This year the Chancellor's Budget speech took place on 18th March.  After the excitement of last year's budget, the Chancellor obviously felt that the pensions industry would need some warnings of any changes this time. Accordingly, the two significant changes for pensions had been heavily trailed already in the press and were, if anything, extensions of existing policies. 

Lifetime allowance

By way of reminder, limits on tax efficient pension savings under a pension scheme are set by reference to annual contributions (the annual allowance) and total fund at the time of retirement (the lifetime allowance). The Chancellor chose to leave the annual allowance alone but reduced the lifetime allowance from £1.25m to £1m from 2016. Although the allowance is still a large fund, the amount of money in pension pots is generally quite high and the pension that this amount would buy relatively small. The reduction follows similar previous cuts and it is likely (although this has yet to be mentioned by the Treasury) that those with higher lifetime allowances will be allowed to protect their tax position by making no further contributions and applying for "fixed protection".

The change will be likely to affect those who have been long term savers, particularly in defined benefit schemes. In the decision to leave the annual allowance unchanged, the Chancellor mentioned that any change to this would affect public servants, which alludes to the fact that defined benefit schemes are now most common in the public sector. The same is true for the lifetime allowance, and higher paid public servants with longer service, such as civil servants and doctors, may find themselves affected by this.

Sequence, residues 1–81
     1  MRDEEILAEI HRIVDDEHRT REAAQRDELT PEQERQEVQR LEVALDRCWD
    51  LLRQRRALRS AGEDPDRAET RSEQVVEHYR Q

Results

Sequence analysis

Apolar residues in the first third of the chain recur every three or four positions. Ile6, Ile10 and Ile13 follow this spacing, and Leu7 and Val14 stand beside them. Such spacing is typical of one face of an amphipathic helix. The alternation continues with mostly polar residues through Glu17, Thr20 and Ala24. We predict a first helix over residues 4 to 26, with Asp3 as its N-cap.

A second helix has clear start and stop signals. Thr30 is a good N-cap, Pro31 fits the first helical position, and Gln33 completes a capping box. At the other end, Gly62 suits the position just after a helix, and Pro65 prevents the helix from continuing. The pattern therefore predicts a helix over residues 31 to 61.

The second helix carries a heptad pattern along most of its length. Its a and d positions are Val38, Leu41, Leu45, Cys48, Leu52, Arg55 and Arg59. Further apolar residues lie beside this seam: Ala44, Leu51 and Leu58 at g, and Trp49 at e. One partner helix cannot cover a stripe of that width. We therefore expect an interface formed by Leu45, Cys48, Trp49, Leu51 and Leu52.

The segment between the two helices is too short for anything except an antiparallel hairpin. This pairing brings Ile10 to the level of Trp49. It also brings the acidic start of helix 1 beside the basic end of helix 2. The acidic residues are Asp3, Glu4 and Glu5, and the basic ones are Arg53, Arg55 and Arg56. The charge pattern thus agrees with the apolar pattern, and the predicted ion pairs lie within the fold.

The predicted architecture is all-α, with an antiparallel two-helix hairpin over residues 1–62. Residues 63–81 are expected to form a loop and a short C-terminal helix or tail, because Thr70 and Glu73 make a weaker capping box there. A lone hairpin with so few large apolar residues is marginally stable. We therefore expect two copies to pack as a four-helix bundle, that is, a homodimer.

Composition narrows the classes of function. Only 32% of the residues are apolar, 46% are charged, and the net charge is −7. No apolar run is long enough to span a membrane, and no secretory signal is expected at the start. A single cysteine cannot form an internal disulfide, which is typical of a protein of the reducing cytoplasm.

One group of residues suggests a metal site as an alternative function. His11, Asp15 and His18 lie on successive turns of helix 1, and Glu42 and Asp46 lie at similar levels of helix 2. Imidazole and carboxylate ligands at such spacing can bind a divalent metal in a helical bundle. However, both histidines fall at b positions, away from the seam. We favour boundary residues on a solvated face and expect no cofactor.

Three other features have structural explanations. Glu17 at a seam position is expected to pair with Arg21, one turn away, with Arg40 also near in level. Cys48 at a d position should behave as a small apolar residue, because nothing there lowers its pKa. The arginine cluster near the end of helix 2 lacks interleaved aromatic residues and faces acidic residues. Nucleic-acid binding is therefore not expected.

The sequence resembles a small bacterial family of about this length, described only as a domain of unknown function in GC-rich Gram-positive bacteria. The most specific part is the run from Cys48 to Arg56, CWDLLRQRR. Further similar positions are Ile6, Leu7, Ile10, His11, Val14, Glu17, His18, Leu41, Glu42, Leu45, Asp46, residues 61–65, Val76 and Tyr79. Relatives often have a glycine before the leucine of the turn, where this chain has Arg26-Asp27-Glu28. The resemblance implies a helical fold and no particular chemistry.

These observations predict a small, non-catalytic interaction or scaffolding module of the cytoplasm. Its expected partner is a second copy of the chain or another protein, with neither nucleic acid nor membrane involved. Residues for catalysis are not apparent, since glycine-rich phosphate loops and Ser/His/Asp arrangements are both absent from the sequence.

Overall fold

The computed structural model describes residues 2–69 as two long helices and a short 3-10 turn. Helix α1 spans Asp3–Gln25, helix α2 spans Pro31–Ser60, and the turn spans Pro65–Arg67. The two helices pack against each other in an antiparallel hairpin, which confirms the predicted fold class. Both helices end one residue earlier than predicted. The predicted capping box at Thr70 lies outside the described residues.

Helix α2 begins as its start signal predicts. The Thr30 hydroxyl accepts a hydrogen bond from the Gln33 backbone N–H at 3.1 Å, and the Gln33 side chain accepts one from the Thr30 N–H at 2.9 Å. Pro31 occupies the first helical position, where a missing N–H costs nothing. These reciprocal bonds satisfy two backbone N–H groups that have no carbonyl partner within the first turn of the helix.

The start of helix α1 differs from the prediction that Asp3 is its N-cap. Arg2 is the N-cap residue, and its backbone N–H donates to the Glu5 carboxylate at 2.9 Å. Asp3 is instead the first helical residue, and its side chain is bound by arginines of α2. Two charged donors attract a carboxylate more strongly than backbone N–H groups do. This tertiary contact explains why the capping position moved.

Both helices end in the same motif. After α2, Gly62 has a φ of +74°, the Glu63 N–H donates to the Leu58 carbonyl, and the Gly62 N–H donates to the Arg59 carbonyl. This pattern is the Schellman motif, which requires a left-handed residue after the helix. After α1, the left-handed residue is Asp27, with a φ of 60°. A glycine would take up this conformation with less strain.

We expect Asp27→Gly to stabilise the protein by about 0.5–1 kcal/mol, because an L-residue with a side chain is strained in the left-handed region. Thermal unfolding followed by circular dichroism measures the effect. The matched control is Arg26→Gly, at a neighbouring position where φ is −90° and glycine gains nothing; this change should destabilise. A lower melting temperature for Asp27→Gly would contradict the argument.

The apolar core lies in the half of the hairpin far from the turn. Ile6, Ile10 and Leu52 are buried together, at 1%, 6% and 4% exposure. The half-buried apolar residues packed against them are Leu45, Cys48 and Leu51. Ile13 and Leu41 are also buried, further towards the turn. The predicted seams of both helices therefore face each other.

Annuity changes

Following on from last year's "Freedom and Choice" changes to pensions in the budget, Steve Webb, the Pensions Minister, had suggested that those who had already bought annuities might wish to also cash them in and make use of the new freedoms. This has now been adopted by the Chancellor from 2016.

Those who have an annuity will be able to sell it on, of course with the consent of the provider. It is unclear whether providers would consent but some older annuities have been provided at quite a generous rate, based on now outdated life expectancy calculations, so that annuity providers might even be interested in cashing them in themselves if the rules allow this.

The Chancellor has made it clear that guidance will need to be offered to those considering this option. He has indicated that there will be consultation with the FCA on the same, and it may be that this will operate as part of "Pension Wise", the delivery for the guidance guarantee about to be offered to all defined contribution retirees in relation to the new pension freedoms. There will certainly be a challenge to ensure that this guidance is considered by those considering taking this momentous step.